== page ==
Oh, yeah! That happened to me constantly. I would never have dreamed of meeting any of these people and to be called by [late Beach Boy] Carl Wilson to sing on his solo record, which he reciprocated by singing on my first one, was like dream stuff. I remember hanging out and later singing with [The Byrds] Roger McGuinn. When I was in high school and seeing them on TV, I would’ve never dreamed for a second I’d be talking with these guys, let alone singing with them. That’s happened in many cases.
What was it like touring with Ringo Starr’s All Starr Band?
Imagine playing the bass and turning around and seeing Ringo on drums. Pretty great.
Is it true when you were touring with Jimmy Buffett, you coined the term ‘parrotheads.’?
I did. We were driving into some venue in the summer. It was an outdoor one where you have to drive where people are parked far away and walk in. They saw that Buffett was driving and I was in the car with him. I said, ‘you ought to give them the papal wave.’ He was acknowledging people here and there. He said, ‘these fans are kind of like deadheads.’ I said, ‘no, these are your own parrotheads.’ He took it and ran.
A couple years removed from The Eagles’ album ‘Long Road Out of Eden,’ are you satisfied with how your lead vocal songs - “Do Something” and “I Don’t Want to Hear Anymore” – came out?
Yeah. I’ve always been a fan of [“I Don’t Want” and "Love Will Keep Us Alive" writer] Paul Carrack [from Squeeze, Mike+The Mechanics]. I was writing a lot of songs during the recording of that album. Most of them weren’t flying with the other guys, so I asked Paul if had another one in his pocket. He had part of that one. Everybody heard it and said, ‘yeah, finish that.’ I’m good with that. He really taught me a lot about singing with the twists and turns he does with his voice. Those are things I wouldn’t go for, but I really studied what he did and was able to do that song.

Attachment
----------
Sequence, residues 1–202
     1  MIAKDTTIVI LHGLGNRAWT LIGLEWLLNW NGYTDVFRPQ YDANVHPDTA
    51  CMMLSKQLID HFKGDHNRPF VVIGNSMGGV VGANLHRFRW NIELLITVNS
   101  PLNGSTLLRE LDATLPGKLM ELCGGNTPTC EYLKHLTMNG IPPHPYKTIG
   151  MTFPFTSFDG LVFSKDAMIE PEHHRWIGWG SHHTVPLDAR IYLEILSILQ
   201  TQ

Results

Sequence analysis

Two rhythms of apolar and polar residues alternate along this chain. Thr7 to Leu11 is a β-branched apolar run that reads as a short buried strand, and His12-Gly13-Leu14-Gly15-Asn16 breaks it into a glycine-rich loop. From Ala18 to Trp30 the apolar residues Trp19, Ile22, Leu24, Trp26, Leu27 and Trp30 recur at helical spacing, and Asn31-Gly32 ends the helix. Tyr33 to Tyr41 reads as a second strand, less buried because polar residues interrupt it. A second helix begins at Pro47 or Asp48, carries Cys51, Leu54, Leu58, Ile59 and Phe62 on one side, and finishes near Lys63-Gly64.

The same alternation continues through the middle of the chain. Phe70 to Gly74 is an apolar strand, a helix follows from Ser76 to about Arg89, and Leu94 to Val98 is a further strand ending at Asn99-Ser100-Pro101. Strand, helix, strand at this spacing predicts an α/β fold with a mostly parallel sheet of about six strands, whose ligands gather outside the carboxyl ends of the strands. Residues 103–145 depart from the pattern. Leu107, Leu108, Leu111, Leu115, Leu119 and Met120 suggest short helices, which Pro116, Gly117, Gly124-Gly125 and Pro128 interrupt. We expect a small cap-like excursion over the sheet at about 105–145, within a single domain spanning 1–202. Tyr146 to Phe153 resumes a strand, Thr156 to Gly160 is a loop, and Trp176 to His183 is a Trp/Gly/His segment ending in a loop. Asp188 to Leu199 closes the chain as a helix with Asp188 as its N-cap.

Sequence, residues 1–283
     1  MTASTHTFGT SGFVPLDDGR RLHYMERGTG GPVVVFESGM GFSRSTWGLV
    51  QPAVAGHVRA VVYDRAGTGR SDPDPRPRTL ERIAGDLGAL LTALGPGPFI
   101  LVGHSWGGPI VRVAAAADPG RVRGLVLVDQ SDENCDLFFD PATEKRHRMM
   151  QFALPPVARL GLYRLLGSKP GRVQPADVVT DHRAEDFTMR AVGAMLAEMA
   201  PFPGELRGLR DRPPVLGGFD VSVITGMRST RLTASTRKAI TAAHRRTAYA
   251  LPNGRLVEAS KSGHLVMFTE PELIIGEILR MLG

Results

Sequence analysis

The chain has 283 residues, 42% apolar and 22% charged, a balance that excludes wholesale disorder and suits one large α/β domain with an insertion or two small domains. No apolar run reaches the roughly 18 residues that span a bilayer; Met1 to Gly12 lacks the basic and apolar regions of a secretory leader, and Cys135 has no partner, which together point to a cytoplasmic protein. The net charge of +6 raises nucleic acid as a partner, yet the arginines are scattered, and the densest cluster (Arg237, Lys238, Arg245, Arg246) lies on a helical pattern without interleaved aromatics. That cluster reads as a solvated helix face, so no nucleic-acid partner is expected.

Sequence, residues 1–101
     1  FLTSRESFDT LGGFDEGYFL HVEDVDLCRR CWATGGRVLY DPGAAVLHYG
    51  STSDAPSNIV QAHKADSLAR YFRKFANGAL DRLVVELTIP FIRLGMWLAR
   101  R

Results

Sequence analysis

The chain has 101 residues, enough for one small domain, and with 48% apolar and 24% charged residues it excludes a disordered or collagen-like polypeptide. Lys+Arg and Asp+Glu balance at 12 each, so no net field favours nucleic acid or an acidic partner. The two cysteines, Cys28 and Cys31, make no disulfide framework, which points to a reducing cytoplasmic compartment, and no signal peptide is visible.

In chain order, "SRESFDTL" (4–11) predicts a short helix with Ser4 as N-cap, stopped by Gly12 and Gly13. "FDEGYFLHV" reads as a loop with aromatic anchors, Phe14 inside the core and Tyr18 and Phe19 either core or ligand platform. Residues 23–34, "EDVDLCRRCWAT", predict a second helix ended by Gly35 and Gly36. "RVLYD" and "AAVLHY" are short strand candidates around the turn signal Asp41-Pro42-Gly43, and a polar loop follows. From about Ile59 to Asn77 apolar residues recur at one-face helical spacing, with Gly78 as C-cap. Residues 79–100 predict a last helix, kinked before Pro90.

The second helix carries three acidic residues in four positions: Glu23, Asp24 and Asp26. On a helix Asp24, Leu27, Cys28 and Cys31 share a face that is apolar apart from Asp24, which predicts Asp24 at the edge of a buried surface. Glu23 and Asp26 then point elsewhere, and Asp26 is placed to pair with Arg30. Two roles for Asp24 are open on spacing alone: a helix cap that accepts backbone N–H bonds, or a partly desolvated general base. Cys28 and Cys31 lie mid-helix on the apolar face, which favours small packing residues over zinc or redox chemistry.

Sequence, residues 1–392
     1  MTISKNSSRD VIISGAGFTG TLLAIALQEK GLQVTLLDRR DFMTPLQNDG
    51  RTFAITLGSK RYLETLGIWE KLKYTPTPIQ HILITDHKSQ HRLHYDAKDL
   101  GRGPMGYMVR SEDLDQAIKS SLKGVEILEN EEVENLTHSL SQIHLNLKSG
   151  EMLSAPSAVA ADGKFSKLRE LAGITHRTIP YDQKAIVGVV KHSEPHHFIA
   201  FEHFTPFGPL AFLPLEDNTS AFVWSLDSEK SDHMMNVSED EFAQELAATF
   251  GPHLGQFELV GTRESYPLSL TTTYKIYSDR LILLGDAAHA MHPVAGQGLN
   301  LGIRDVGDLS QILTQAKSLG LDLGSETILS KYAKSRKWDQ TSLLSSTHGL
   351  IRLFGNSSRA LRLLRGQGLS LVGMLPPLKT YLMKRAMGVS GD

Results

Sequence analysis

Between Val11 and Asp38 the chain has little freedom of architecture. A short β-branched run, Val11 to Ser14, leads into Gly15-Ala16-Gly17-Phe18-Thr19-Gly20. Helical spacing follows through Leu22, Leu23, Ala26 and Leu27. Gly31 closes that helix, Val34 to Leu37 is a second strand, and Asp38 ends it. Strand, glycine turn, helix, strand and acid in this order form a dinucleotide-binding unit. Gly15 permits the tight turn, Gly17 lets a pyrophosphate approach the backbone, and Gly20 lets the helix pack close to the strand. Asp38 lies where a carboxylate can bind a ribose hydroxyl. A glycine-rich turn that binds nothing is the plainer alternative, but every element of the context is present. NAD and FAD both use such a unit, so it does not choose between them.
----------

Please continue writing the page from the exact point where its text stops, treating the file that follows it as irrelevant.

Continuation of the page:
“Do Something,” I was at Henley’s home studio in a bedroom. I was sitting on the bed strumming some chords over and over. He walked over and said ‘I have a chorus that would be great with this.’ That’s how that started. For the first time since “I Can’t Tell You Why,” Don and I sat down and wrote a song together. Steuart Smith added some bridge parts as well later on.
The Eagles seem to have more fun onstage these days than in the late '70s or even the mid-'90s.
I think that’s the reason why we all originally got into it. Recently, I met these teenage girls who have a band and asked me all kinds of questions. They mainly wanted some advice. I said, ‘don’t forget what it’s like now you’re having fun. No matter how hairy your career gets and the roller coaster ride, just remember the reason you started doing it.'
Did you enjoy the Poco reunion at Stagecoach last spring?
I had put off going back and playing with them for the longest time. I’m not sure why. I just wanted to move forward. My friend Richie Furay said all the main players from Poco are going to be there. Even George Grantham, who suffered a stroke five years ago and was finally up to singing again. I said, 'if George can make it, I can.' It was ok. It was short and sweet.